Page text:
INTRODUCTION: Amorphous‐silicon electronic portal imaging devices (EPIDs) have been established as useful tools for dosimetry. To accurately reconstruct the patient dose delivered during rotational IMRT, one must acquire time‐resolved EPID images as a function of gantry‐angle. Dose reconstruction accuracy is directly impacted by the accuracy of the geometry of the imaging system, including the gantry‐angle readout (i.e. source geometry) and the EPID support‐arm sag (i.e. imager geometry). This work investigates these two factors. METHODS: The EPID support‐arm sag was investigated through measurements performed on Varian E‐arm and R‐arm models at two institutes and employing two different analysis methods. One method imaged an isocentric ball‐bearing whose position was tracked over all gantry‐angles. The second method involved analysing field edges to obtain the field centre location of all images. Gantry‐angle accuracy was examined by comparing the gantry‐angle indicated at the treatment console readout to the gantry‐angle written to the EPID DICOM header. We developed a method of measuring gantry‐angle directly from the gantry‐angle potentiometer. RESULTS: The E‐arm showed maximum displacement of roughly 0.6mm (cross‐plane) and 0.8mm (in‐plane). R‐arm results were significantly worse, estimated at 8.5mm (cross‐plane) and 5.0mm (in‐plane). Gantry‐angle analysis demonstrated approximately 2 degrees of uncertainty in the gantry‐angle contained in the EPID image. A direct measurement of the gantry angle potentiometer was demonstrated. CONCLUSIONS: Two main factors affecting patient dose reconstruction using EPID dosimetry have been investigated. EPID support‐arm sag can be measured (and corrected). Near real‐time gantry‐angle measurement can be performed through directly monitoring the potentiometer signal.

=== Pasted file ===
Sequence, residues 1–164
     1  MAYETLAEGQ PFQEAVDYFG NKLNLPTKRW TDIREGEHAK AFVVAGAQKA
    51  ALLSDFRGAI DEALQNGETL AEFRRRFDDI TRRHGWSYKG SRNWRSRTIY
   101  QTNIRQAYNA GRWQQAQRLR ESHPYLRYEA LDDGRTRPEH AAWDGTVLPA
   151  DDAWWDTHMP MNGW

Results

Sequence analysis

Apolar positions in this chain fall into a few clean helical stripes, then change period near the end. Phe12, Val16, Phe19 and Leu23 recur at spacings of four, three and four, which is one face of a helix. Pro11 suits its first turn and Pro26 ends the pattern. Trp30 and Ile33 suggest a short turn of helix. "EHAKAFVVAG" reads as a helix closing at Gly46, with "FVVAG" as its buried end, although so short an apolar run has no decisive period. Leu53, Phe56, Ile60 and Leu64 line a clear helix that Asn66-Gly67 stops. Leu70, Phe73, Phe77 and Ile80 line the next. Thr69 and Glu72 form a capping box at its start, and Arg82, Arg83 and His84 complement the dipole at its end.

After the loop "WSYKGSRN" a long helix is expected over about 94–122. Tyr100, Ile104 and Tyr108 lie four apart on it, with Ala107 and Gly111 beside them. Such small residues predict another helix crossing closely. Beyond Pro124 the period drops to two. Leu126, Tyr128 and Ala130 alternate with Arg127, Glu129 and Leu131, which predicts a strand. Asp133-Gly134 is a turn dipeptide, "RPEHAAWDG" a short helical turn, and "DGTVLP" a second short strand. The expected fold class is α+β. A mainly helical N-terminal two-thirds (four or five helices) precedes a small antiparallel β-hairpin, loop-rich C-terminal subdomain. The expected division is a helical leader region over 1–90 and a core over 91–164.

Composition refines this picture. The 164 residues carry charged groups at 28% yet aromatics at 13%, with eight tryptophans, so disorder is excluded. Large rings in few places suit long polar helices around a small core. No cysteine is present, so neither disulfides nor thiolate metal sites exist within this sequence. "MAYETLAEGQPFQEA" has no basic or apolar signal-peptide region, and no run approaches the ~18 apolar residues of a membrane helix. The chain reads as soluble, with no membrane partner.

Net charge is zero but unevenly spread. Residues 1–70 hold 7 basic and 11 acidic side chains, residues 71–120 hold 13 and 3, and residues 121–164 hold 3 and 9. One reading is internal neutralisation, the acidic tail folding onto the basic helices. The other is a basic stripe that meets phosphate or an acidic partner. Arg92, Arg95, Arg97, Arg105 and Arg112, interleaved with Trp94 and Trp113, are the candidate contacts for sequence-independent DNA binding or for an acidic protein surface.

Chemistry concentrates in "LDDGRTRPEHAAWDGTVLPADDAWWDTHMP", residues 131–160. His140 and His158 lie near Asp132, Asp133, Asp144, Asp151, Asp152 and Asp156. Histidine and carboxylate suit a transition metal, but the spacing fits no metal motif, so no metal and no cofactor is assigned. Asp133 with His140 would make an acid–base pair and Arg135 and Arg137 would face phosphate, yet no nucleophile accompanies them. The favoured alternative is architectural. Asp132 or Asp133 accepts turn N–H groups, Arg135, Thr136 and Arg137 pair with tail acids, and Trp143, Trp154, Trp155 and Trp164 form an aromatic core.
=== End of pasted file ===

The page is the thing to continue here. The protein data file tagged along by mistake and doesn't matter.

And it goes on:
|Number of pages||1|
|Publication status||Published - 1 Jan 2010|